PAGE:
Here’s a species commingling shot I took last year when pine siskins were eating me out of house and home. They hang out with goldfinches a lot so I did a post (and a video) and how to tell the two species apart. Below is the link to the post, which includes the video.
(Repeat text from yesterday:) With many of us working from home or otherwise “physical distancing” as we combat COVID-19, I figured I’d start a daily series of photos showing different bird species together. Why not? Maybe it will brighten somebody’s day to see commingling bird species each morning as we’re all stuck inside.
After reading about pine siskins being seen throughout New England for several weeks, I woke up this morning to three of them at my feeding station. Pine siskins are one of the winter finches that irrupt from the north into New England and points south in sporadic winters. (Related post may be found here.)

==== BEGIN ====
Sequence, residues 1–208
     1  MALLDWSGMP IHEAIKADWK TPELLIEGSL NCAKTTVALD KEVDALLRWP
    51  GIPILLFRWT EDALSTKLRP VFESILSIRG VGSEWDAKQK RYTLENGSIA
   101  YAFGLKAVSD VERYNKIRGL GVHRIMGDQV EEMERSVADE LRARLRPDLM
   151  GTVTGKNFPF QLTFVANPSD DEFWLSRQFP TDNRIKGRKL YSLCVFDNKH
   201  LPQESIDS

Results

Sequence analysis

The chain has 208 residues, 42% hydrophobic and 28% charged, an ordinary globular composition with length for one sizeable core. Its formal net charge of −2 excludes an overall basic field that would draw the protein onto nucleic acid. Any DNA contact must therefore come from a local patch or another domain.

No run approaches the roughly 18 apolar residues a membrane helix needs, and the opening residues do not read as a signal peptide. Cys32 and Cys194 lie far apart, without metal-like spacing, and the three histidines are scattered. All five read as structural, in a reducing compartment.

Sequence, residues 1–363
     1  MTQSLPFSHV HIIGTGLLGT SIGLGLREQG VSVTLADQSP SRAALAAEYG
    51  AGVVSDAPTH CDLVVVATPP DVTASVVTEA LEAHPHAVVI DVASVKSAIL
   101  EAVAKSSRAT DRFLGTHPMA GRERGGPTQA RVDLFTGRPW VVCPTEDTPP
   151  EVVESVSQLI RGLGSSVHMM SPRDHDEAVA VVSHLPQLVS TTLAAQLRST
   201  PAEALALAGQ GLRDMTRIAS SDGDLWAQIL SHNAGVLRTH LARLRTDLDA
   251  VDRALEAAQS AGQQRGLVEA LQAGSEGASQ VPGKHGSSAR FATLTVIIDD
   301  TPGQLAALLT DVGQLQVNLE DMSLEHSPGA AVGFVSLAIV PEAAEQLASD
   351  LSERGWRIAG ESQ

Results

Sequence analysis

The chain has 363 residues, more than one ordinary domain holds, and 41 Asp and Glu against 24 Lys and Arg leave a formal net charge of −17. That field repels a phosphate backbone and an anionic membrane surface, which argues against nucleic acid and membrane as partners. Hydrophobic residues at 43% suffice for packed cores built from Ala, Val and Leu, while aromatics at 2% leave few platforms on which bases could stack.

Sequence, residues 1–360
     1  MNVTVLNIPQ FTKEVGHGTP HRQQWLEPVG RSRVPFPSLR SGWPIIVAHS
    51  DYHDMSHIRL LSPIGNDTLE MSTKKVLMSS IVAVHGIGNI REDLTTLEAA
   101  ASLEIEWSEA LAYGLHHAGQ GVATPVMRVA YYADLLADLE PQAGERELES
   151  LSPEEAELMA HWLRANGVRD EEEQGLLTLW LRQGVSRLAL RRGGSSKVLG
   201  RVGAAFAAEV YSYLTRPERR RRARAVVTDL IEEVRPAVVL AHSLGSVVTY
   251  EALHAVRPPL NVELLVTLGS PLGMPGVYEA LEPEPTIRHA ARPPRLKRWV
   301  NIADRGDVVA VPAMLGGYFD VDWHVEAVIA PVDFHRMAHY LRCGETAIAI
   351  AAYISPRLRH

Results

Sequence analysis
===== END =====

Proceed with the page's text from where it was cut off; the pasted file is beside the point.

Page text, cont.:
Pine Siskins are often confused with goldfinches because they look fairly similar and prefer Nyjer (or thistle) seeds. Siskins are a bit larger, more sleek, more streaked and have a longer, pointed bill. The heavy streaking, especially on the sides, and yellow wing and tail markings are the best clues to differentiate the species. The male siskins have more prominent yellow markings.
So today I celebrate that the siskins have arrived. The birds, however, have a very healthy appetite and Nyjer seed is not cheap, so we’ll see how I feel if their numbers multiply. I’m sure I’ll continue to be inspired by their presence. After all, it’s been about 10 years since I was a part of one of their irruptions. I think I can splurge once a decade on them.
Here is a photo of them with goldfinches. Note the differences in plumage. The goldfinch is on the lower right.